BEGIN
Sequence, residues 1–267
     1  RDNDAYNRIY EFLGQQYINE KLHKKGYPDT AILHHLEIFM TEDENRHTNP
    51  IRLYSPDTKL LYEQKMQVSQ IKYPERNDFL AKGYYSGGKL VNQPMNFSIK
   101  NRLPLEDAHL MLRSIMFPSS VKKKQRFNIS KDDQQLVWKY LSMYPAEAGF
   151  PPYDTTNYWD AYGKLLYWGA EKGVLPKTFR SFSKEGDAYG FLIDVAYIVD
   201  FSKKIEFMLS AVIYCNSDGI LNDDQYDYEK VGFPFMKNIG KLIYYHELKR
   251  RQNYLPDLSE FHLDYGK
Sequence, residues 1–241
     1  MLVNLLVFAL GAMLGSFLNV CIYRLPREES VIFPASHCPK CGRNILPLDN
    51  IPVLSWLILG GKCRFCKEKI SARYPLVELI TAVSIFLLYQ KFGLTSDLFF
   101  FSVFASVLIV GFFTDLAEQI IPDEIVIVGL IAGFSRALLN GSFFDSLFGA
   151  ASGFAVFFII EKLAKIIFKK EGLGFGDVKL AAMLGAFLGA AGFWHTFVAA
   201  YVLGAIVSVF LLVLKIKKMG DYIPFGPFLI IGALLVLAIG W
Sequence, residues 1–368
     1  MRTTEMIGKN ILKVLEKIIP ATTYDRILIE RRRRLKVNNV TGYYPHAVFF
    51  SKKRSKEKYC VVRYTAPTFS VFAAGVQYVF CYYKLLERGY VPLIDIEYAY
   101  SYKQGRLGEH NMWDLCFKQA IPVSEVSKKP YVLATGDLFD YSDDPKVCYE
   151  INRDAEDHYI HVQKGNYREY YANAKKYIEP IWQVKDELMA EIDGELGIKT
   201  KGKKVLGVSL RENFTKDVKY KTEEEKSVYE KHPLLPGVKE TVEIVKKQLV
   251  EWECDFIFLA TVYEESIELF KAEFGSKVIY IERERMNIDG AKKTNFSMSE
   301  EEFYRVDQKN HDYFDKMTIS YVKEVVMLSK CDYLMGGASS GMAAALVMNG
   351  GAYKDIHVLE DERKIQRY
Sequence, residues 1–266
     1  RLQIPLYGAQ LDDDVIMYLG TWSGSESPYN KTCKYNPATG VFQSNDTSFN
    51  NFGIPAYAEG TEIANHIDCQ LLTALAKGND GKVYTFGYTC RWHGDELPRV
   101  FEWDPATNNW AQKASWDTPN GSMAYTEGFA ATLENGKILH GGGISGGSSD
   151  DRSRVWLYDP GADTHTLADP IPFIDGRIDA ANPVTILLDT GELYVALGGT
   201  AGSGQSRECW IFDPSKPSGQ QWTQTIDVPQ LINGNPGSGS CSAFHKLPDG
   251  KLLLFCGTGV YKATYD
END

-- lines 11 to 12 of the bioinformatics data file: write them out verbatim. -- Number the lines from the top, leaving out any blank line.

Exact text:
   101  FSVFASVLIV GFFTDLAEQI IPDEIVIVGL IAGFSRALLN GSFFDSLFGA
   151  ASGFAVFFII EKLAKIIFKK EGLGFGDVKL AAMLGAFLGA AGFWHTFVAA